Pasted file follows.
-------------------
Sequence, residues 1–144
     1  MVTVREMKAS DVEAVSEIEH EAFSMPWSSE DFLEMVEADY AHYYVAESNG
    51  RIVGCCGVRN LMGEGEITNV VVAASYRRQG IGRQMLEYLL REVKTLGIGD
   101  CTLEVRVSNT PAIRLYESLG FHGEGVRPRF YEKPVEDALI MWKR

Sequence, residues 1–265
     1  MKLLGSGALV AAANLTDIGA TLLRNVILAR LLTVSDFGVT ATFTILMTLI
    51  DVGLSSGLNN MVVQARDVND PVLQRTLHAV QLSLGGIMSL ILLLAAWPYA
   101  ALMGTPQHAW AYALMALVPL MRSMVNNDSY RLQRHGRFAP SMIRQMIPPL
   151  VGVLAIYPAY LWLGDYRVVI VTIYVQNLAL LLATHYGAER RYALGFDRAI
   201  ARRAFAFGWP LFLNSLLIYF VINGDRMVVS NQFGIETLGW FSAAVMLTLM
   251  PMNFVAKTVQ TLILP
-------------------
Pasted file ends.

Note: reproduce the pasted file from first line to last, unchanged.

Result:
Sequence, residues 1–144
     1  MVTVREMKAS DVEAVSEIEH EAFSMPWSSE DFLEMVEADY AHYYVAESNG
    51  RIVGCCGVRN LMGEGEITNV VVAASYRRQG IGRQMLEYLL REVKTLGIGD
   101  CTLEVRVSNT PAIRLYESLG FHGEGVRPRF YEKPVEDALI MWKR

Sequence, residues 1–265
     1  MKLLGSGALV AAANLTDIGA TLLRNVILAR LLTVSDFGVT ATFTILMTLI
    51  DVGLSSGLNN MVVQARDVND PVLQRTLHAV QLSLGGIMSL ILLLAAWPYA
   101  ALMGTPQHAW AYALMALVPL MRSMVNNDSY RLQRHGRFAP SMIRQMIPPL
   151  VGVLAIYPAY LWLGDYRVVI VTIYVQNLAL LLATHYGAER RYALGFDRAI
   201  ARRAFAFGWP LFLNSLLIYF VINGDRMVVS NQFGIETLGW FSAAVMLTLM
   251  PMNFVAKTVQ TLILP